Study results highlighted in a news story from a monthly newsletter released by the National Institutes of Health (NIH), indicate that building bone as a young adult can provide life-long benefits. Additionally, the results suggest engaging in physical activity during the aging process can ultimately help maintain bone strength.
See the study abstract here
The news story notes that previous studies encompassing animals suggest that exercise during periods of rapid growth can lead to lifelong benefits in bone size and strength. In an effort to confirm if the same applied to humans, a team of NIH-funded scientists studied more than 100 professional baseball players at different stages in their careers. Since baseball players tend to retire from throwing activities after they have stopped professional play, the scientists were able to look at the impact of physical activity long after intense throwing had ended.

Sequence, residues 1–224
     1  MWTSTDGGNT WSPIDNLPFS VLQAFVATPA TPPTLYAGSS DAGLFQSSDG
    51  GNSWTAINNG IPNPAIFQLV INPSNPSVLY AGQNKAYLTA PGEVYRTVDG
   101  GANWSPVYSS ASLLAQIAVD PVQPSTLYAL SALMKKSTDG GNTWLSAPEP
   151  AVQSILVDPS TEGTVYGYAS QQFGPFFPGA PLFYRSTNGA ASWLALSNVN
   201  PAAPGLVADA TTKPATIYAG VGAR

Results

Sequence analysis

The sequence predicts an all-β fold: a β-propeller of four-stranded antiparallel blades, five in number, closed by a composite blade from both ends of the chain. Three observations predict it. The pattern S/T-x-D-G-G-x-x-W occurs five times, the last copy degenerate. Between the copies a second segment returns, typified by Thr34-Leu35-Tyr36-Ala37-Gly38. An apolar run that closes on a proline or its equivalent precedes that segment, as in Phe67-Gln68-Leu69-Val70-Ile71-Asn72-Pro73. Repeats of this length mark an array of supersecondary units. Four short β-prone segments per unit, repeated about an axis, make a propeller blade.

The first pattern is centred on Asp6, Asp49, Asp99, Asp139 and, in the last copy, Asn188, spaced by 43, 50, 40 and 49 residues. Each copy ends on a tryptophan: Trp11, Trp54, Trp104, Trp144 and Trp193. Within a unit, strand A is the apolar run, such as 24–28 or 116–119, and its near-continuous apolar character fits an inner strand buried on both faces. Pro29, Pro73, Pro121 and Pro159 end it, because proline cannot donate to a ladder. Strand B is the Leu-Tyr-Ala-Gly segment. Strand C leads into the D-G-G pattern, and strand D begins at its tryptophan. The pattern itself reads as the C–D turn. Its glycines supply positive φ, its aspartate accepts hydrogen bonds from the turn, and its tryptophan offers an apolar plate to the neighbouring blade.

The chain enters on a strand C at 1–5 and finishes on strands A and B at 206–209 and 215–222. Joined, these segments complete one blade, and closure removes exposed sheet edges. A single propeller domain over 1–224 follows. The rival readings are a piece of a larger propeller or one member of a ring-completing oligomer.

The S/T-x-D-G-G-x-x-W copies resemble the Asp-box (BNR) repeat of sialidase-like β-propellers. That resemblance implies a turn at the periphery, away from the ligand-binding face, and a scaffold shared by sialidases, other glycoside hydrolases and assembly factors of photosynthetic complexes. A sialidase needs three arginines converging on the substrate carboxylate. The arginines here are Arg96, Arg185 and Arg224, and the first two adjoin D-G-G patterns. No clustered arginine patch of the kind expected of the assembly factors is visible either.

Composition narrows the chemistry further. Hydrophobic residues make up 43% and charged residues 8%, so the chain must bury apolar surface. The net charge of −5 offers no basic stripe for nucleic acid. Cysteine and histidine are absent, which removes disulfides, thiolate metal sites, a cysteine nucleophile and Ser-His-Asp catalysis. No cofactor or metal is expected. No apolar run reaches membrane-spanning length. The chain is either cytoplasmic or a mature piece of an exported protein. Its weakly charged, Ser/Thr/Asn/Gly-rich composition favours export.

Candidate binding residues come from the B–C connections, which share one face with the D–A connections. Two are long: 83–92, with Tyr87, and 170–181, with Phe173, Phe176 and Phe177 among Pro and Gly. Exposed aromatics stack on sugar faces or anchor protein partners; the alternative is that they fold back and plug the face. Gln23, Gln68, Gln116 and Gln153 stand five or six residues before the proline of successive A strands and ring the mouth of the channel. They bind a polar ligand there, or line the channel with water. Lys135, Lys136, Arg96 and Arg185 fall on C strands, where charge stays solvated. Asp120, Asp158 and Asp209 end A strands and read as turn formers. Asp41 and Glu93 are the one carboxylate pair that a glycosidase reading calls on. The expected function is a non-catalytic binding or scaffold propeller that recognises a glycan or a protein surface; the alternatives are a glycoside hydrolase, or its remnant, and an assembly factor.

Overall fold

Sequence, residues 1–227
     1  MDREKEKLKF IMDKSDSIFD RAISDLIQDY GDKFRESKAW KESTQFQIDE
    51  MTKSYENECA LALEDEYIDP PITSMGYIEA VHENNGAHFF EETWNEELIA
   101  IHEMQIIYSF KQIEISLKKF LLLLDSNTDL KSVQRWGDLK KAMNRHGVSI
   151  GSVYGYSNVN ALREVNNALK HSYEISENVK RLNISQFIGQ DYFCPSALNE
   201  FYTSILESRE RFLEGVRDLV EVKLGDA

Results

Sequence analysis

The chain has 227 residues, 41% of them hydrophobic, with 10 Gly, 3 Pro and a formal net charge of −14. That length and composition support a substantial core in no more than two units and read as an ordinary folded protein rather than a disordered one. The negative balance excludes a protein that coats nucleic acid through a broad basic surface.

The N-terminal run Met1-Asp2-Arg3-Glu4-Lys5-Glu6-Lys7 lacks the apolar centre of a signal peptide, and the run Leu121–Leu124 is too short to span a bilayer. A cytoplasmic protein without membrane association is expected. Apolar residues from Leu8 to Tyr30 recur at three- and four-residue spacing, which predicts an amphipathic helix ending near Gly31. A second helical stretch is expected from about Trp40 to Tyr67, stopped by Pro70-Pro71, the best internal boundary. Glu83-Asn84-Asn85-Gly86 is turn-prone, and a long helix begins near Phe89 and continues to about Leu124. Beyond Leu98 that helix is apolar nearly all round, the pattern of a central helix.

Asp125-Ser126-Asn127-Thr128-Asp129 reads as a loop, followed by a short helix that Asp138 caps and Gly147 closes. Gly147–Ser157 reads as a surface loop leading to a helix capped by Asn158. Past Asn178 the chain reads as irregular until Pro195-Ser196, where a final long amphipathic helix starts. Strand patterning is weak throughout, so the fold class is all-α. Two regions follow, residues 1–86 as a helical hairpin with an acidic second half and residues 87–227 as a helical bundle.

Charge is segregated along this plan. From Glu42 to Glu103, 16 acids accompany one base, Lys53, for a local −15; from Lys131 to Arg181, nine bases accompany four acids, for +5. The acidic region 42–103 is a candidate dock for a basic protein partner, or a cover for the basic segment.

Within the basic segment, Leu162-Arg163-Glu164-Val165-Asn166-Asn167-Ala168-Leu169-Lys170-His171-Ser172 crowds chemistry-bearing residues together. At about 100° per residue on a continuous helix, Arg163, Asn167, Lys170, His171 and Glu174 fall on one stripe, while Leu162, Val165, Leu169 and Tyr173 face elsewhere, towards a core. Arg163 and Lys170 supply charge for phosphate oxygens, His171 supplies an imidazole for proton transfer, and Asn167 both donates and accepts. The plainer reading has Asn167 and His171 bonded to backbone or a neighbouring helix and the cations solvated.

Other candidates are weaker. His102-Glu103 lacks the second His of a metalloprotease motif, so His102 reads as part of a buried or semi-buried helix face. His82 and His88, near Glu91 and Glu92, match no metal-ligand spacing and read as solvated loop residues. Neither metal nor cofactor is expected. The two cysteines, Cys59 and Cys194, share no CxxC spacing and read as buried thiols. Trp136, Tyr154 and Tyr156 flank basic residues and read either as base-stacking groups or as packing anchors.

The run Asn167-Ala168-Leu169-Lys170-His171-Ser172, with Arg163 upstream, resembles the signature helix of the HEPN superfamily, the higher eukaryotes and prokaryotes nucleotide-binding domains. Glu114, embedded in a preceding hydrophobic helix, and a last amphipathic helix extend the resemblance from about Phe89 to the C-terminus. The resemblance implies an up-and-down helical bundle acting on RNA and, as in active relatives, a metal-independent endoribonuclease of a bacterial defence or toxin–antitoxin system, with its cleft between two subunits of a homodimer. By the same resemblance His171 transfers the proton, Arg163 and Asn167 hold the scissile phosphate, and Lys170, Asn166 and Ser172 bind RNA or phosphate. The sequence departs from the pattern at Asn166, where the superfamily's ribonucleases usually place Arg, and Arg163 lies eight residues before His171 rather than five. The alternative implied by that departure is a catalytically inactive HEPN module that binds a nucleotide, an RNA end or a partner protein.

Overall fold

The researchers report that the upper bones in the throwing arms of players were nearly twice as strong as bones in the non-throwing arms. Throwing arm bones exhibited about 50% greater mass, size (total cross-sectional area), and thickness.
The researchers add that while the bone mass benefits from growing were gradually lost as the player aged, about half the bone size benefits and one-third of the bone strength benefits were maintained lifelong. Players who continued throwing during aging lost less bone and kept even more of the strength benefits.